We are just over one month removed from the end of the 86th Legislative Session. Since the 20-day deadline for the Governor to veto bills has come and gone, we now know what the final work product of the 86th Legislature looks like. These next few newsletters are my attempt to give you an overview of what the Texas Legislature did for you (and sometimes to you) during the 2019 legislative session.
With everything that took place in the 140-day legislative session, we thought it would be most convenient for the reader to break up the End of Session Recap Newsletter into 3 parts over the next 3 weeks. This newsletter, Part 1, will deal with the major legislation passed during the session . Part 2 will deal with what I spent the bulk of my time on this session — the work of the Human Services Committee and Public Health Committee. And Part 3 will discuss the interim and what to expect going forward from me, my office, and for state government as a whole.
Some of this, especially the information about SB 2 and HB 3, will seem familiar. We have already discussed these two bills in some depth in previous newsletters. However, these two issues (property tax transparency/reform and school finance reform) are what this session will be remembered for so we’re including information about them one last time.
It has truly been great being back hom e in Wichita Falls. I am thankful that a state rep in Texas gets to spend 19 months of every 24-month cycle living in his/her hometown. Not only is this much better for my own quality of life, it makes it much easier for representatives to stay connected to the needs and desires of their communities. I am also grateful for the opportunity recently to speak to various civic groups and organizations, including the Helen Farabee Centers Board, Wichita County Republicans, and Burkburnett Rotary Club. I fielded questions from them about the session and what law changes could mean.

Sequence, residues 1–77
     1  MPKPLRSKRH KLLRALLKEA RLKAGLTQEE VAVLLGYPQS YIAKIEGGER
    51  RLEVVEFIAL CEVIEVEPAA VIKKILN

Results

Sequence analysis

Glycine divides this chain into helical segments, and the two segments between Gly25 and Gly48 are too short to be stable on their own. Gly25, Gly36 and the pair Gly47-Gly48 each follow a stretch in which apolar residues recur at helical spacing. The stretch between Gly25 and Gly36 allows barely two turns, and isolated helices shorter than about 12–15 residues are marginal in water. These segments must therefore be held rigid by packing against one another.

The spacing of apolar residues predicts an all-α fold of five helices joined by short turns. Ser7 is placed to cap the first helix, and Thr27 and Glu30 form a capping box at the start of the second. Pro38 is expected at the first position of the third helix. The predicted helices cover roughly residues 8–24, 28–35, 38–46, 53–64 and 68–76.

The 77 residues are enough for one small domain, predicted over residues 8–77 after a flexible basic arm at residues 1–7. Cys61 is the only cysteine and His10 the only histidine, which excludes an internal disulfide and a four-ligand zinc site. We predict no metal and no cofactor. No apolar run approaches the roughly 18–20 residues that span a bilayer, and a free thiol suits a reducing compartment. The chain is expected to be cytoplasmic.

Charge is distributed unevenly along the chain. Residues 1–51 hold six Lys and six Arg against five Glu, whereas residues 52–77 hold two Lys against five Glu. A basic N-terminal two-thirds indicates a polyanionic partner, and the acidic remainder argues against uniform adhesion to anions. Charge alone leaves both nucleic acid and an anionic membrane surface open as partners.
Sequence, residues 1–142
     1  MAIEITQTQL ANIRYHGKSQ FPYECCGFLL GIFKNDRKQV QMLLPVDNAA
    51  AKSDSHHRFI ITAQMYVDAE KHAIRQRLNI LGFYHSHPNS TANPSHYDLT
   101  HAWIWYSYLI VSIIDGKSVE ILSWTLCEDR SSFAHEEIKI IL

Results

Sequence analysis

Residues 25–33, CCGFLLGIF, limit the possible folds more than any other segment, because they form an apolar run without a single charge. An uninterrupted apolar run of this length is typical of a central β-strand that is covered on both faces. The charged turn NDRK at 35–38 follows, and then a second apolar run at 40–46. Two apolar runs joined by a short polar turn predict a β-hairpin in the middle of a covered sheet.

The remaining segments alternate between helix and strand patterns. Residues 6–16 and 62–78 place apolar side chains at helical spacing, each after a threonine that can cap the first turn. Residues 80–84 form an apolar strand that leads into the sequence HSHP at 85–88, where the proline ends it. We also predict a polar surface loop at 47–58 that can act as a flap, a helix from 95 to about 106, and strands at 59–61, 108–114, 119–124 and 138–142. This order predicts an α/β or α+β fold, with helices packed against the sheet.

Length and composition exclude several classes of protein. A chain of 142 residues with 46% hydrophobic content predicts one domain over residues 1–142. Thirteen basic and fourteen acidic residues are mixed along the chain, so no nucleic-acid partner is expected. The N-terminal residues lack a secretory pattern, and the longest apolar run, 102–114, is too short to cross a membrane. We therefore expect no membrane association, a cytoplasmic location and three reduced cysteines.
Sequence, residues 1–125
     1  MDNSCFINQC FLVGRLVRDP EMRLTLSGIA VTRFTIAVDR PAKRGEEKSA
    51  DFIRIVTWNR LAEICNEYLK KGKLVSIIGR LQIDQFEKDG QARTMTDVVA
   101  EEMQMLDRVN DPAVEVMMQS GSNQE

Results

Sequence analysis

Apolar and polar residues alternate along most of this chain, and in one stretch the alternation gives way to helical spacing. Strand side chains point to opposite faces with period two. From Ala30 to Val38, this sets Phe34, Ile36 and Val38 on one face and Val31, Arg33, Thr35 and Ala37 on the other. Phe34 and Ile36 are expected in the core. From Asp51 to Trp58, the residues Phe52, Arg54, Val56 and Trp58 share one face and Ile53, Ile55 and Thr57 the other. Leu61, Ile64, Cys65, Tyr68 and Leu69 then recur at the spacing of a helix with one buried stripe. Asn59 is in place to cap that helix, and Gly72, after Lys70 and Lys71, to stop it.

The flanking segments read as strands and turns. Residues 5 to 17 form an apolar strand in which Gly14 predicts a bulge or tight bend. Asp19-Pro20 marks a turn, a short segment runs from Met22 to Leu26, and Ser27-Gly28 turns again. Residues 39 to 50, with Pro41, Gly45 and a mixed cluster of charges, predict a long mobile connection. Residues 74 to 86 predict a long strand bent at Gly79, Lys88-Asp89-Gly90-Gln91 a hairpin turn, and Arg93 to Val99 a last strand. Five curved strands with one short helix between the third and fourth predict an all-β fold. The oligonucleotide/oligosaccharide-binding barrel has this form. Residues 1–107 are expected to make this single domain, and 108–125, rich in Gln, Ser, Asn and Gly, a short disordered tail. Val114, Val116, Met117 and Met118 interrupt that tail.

Finally, the July 4th holiday is a reminder of the freedoms that we enjoy and should be a reminder of the sacrifices of those who died to give us these freedoms and opportunities. While it is fashionable in some circles to insult our country, it is clear by the number of people trying desperately to get into the United States that it remains a beacon of freedom and hope. These freedoms and opportunities seem evident to the world, but are missed by many within our borders.
May God bless you and your family,
… this is an excerpt from Newsletter dated April 22, 2018